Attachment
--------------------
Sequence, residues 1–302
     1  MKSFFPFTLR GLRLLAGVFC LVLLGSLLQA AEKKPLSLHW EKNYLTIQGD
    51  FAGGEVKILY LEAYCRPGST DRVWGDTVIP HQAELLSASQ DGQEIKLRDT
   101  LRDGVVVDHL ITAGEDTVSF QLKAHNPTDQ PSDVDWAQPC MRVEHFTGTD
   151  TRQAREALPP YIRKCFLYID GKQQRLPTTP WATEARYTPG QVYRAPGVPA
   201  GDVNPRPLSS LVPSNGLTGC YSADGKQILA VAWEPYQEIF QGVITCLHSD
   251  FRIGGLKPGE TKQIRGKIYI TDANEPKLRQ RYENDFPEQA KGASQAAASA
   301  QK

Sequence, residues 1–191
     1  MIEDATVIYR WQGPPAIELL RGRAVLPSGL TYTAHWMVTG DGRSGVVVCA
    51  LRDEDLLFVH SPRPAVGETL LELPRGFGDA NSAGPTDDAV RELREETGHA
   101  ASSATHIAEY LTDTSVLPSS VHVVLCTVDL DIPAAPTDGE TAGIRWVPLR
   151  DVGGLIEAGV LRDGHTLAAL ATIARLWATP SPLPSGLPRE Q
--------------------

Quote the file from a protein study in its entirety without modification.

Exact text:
Sequence, residues 1–302
     1  MKSFFPFTLR GLRLLAGVFC LVLLGSLLQA AEKKPLSLHW EKNYLTIQGD
    51  FAGGEVKILY LEAYCRPGST DRVWGDTVIP HQAELLSASQ DGQEIKLRDT
   101  LRDGVVVDHL ITAGEDTVSF QLKAHNPTDQ PSDVDWAQPC MRVEHFTGTD
   151  TRQAREALPP YIRKCFLYID GKQQRLPTTP WATEARYTPG QVYRAPGVPA
   201  GDVNPRPLSS LVPSNGLTGC YSADGKQILA VAWEPYQEIF QGVITCLHSD
   251  FRIGGLKPGE TKQIRGKIYI TDANEPKLRQ RYENDFPEQA KGASQAAASA
   301  QK

Sequence, residues 1–191
     1  MIEDATVIYR WQGPPAIELL RGRAVLPSGL TYTAHWMVTG DGRSGVVVCA
    51  LRDEDLLFVH SPRPAVGETL LELPRGFGDA NSAGPTDDAV RELREETGHA
   101  ASSATHIAEY LTDTSVLPSS VHVVLCTVDL DIPAAPTDGE TAGIRWVPLR
   151  DVGGLIEAGV LRDGHTLAAL ATIARLWATP SPLPSGLPRE Q